Emerging standards are making the best of existing pixels. Understand the principles of HDR, learn how to build workflows to simplify production, and deliver the highest quality HDR pictures possible.
There’s no way to sugarcoat it: The pandemic has had a highly disruptive effect on video production and distribution in 2020 and many agree it will be felt for several years. The inability for people to gather safely has made it impossible for full-scale video production to go ahead as it did before. Yet, the industry has risen to the challenge in a myriad of ways and learned to be more efficient in the process.
TV test and measurement gear and instrument solutions also facilitate remote production and monitoring.
In the wake of the pandemic, Telestream has used the restrictions imposed on virtually every equipment supplier over the past few months to innovate and focus on providing new features for its products that facilitate remote operation and automated quality control for enterprise-scale broadcast and media operations.
With the emergence of the cloud into the media production and delivery space, the broadcast and media industry must embrace an entirely new approach to acquiring and deploying technology. Large capital expenditures (CapEx) are increasingly being replaced by operating expense (OpEx) budgets that are more flexible and aligned with the operational requirements of broadcast facilities.
For many years broadcasters have been working with static systems that are difficult to change and upgrade. Although we have video and audio routing, the often-tangled mess of jackfield patch-cords is testament to how flexible broadcast systems really need to be to meet the demands of modern program making.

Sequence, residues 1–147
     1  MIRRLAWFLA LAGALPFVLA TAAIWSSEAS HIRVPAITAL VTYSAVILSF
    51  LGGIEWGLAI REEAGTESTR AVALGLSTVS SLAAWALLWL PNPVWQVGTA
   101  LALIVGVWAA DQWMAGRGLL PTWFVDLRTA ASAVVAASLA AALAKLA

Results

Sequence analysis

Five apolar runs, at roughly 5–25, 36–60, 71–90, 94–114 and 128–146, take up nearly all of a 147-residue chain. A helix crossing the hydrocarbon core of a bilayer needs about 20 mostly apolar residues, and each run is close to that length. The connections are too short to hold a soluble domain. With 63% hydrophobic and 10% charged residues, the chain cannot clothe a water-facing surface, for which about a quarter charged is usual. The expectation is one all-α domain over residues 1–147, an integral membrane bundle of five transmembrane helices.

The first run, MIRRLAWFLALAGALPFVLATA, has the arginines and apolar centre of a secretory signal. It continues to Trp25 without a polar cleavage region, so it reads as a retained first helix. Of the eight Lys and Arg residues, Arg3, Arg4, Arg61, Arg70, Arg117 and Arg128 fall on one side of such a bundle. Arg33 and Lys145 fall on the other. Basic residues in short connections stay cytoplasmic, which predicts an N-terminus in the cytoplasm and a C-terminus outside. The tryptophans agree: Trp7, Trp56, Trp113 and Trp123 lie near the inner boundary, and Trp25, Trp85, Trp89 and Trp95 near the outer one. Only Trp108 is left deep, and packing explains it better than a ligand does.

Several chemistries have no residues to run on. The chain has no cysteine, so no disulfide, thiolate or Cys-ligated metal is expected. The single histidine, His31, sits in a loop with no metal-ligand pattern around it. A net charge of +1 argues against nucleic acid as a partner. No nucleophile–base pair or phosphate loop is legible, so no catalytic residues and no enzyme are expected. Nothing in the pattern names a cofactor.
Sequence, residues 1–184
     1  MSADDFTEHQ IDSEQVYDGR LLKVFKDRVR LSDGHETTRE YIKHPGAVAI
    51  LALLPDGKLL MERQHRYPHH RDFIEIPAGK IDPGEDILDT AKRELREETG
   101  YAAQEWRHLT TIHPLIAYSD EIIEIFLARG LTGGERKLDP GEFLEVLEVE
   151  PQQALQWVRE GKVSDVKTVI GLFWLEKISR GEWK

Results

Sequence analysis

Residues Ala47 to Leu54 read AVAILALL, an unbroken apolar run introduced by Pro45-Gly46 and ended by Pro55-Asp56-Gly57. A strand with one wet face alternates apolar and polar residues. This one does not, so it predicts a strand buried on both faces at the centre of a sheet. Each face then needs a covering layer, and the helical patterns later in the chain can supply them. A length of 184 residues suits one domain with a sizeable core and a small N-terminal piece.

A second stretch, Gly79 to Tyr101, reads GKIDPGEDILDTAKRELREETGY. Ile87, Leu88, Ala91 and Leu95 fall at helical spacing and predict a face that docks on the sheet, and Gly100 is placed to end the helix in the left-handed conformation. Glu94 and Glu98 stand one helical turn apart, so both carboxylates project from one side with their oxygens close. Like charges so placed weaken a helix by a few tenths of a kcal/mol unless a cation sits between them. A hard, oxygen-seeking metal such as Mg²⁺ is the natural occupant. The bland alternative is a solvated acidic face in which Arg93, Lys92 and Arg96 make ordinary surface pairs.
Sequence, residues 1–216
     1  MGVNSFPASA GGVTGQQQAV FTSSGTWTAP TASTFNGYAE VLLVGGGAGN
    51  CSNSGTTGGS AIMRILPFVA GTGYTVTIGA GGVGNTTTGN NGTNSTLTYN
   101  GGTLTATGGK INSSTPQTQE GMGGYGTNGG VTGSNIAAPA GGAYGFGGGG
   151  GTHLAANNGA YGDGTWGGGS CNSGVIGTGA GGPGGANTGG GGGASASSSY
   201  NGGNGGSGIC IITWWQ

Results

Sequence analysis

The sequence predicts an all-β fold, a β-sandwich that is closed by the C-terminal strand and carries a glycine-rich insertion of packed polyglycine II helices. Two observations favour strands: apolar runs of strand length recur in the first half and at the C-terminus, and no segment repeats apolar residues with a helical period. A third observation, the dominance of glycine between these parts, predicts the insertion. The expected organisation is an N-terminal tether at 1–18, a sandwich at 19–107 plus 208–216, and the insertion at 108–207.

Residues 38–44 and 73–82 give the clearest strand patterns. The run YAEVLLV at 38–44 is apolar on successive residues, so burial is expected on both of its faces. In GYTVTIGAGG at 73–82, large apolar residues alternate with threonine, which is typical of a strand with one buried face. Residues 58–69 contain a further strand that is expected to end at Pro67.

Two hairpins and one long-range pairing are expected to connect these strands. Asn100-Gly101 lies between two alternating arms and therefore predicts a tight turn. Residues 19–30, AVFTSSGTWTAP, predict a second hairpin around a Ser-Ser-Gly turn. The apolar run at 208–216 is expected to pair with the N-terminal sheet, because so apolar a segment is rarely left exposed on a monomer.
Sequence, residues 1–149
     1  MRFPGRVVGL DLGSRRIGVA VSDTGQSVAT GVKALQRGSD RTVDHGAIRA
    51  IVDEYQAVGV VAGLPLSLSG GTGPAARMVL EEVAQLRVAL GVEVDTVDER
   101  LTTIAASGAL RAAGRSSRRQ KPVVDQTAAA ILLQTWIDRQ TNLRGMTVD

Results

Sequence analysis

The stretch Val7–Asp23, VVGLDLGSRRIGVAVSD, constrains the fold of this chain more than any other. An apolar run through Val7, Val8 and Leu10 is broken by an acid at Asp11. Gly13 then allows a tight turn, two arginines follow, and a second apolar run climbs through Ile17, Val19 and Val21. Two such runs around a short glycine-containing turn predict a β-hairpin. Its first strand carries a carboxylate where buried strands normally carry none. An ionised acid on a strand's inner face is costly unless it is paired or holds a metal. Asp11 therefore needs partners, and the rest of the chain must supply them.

Viewing audiences are continually driving broadcasters to deliver improved video formats to further enhance the immersive experience. It didn’t seem so long ago that HD was lauded as the best format ever. Not only did we end up quadrupling the number of pixels and frame rates to deliver 12G-SDI, but we also mixed them with high dynamic range and wide color gamut.
Recent international events have overtaken normality causing us to take an even closer look at how we make television. Physical isolation is greatly accelerating our interest in Remote Production, REMI and At-Home working, and this is more important now than it ever has been.
Due to the medical emergency the country now finds itself in, this year’s NAB Show in Las Vegas was postponed to later this year. If it had happened, the main themes of artificial intelligence (AI), high dynamic range (HDR) acquisition and remote production would have all been front and center, but several other technologies that bring new efficiencies in studio production and content distribution would’ve also been spotlighted.